Penelope Trunk, CEO of the website recently tweeted about her miscarriage, thankful that she won't have to have an abortion, which in her home state of Wisconsin requires a 3-week waiting period. And believe it or not, the interwebs are all riled up over it. On both sides. She was even interviewed on CNN.

At first I thought "why??? why would you share that??" But then I read her post on why she would. And I'm glad she posted. For three reasons:

1. Miscarriage is a natural function. It happens. It happens more than we may realize. And it's not just a quick thing. It happens for awhile. It can be sad, it can be a relief. But it's common. So why don't we talk about? Now, I know women talk about it, quickly and quietly ("Oh did you hear? Sue lost her baby. Yeah, 6 weeks. Sad. ... So what's for lunch?"). It's usually a sad event in someone's life. A broken promise. A chance ended. A friend of mine just lost her baby, 5 days from her due date. It's tragic. But it's part of life. Why do we act like it is a big secret, a hushed occurrence? Many women experience them. According to Penelope, 75% of women. So for many of us, it's a common part of being a woman, or having a uterus.

2. Abortion is a right in the US. Whether or not you agree with it, it is still a right. But many states are chipping away at that right, like Wisconsin's 3-week waiting period. Penelope Trunk is a 42-year-old mother of two. Why would we make her wait 3 weeks? She's an adult that can make her own choices. Do we make people arbitrarily wait 3 weeks for other procedures? Also, to some people, abortion is "ending a life." But to others, it's giving a life back. It's a procedure. A surgery. Pro-choicers don't deny that it's "murder." But sometimes it's the best choice that can be made. So if Penelope didn't have a miscarriage, should she carry this baby to term? At the expense of the two kids she already has (although I don't know her reasons for not wanting a baby ... but they're her reasons and her choice). I have another friend who has two beautiful children, but both of her pregnancies were very difficult for her. Her physician told her if she got pregnant again, he would strongly advise she abort. Would the pro-life movement argue she carry the baby to term? Even if it could kill her? How is that pro-life - leaving the two children she already has without a mother?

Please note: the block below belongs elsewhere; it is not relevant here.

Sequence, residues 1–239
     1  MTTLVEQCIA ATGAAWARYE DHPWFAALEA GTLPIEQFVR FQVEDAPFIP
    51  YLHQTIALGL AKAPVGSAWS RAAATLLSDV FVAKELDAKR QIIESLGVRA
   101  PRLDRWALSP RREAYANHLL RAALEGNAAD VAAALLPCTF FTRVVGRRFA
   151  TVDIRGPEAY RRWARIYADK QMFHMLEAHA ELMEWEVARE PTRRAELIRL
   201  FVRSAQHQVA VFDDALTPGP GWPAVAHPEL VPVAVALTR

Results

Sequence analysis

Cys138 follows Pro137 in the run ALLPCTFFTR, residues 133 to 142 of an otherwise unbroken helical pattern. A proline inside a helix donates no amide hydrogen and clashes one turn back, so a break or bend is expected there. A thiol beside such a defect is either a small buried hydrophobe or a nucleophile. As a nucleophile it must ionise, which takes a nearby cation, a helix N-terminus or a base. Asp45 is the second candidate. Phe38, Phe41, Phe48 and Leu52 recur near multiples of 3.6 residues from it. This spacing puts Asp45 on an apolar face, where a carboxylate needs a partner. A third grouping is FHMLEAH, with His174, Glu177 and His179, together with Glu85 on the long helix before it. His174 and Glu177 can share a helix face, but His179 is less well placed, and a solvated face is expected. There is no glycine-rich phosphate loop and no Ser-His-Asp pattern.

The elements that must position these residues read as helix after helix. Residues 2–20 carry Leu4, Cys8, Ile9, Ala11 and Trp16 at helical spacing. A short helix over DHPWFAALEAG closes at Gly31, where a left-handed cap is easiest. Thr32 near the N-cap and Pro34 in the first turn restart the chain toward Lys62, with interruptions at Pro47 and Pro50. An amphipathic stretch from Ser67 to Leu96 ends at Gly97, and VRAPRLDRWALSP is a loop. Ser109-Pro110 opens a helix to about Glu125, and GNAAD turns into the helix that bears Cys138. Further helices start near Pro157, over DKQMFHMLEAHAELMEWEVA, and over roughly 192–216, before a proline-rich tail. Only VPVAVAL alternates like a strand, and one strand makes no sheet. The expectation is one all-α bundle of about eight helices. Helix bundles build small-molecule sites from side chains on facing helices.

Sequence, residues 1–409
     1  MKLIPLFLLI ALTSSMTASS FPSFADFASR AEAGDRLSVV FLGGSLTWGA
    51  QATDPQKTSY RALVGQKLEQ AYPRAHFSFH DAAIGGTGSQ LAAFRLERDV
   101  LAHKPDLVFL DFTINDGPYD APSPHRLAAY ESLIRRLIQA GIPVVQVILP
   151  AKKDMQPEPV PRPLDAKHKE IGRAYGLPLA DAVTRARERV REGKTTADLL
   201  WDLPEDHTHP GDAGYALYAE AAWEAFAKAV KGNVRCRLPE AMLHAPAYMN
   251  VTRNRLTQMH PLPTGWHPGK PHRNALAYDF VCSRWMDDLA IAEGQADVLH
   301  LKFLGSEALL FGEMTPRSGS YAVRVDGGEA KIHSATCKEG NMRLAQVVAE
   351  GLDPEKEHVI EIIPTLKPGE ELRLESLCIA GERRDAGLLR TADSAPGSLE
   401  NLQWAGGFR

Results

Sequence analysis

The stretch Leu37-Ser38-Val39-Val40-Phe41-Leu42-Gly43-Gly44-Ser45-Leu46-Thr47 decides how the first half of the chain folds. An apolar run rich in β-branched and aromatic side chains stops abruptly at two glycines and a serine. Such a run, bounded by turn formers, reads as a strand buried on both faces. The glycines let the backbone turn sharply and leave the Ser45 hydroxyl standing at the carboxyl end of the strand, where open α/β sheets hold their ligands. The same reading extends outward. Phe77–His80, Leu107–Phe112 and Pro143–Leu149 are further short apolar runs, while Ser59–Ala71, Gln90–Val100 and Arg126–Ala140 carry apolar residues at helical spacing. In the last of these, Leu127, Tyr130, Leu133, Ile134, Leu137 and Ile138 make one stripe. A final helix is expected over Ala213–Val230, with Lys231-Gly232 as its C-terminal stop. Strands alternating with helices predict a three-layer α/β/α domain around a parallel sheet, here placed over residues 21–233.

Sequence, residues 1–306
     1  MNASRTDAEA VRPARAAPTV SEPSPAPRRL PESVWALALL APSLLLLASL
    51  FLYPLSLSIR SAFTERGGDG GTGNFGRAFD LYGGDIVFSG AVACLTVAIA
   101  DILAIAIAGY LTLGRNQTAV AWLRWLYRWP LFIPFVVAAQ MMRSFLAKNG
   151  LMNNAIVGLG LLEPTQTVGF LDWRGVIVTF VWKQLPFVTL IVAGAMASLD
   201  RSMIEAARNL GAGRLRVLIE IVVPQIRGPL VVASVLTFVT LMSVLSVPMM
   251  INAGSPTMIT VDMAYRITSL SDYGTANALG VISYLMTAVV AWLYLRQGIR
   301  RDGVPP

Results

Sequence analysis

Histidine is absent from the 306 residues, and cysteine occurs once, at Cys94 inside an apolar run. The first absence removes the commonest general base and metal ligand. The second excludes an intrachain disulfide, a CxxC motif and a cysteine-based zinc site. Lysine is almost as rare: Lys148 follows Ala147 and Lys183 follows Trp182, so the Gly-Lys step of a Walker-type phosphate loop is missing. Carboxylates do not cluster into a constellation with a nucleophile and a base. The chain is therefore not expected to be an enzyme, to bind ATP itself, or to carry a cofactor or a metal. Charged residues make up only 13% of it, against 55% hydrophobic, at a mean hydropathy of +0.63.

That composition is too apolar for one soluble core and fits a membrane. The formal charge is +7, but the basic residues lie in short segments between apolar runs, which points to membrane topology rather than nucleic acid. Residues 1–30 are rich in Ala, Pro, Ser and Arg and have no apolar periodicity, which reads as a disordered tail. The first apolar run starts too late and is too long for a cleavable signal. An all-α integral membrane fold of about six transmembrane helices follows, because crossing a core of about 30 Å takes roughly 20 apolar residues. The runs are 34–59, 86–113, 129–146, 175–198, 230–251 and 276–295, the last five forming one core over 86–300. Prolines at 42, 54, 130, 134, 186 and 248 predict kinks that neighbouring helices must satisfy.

My point is, abortion is a right, but it's a right we rarely talk about calmly. Penelope talks about it calmly, without shame. We need more of it that. The more we can talk about abortion objectively, the less it's this mythical scary evil terrible thing that only devil women choose to have. Lots of compassionate, rational, smart, successful, caring, kind women choose to have abortions. It's not just the tramps and the hussies and the evil selfish bitches.

3. Her post is a sign of the times. We expose ourselves so much these days: online on sites like Facebook, Twitter, You Tube. On television on reality shows and talk shows. Everywhere you look, it's TMI. But that's the way it is. That's what gets attention these days. It almost seems unnatural that I don't post my every thought and activity and photo ever taken on Facebook. (I guess I'm a hold out in this sense?) So why shouldn't someone be open about a miscarriage? It's something many women have experience, and thus can relate to, so why not get it out there? For the longest time we couldn't talk about periods or sex or poop, but now we can, and it's taken some of the taboo away from it. Will this tweet help take the "hush hush" attitude away from miscarriages?

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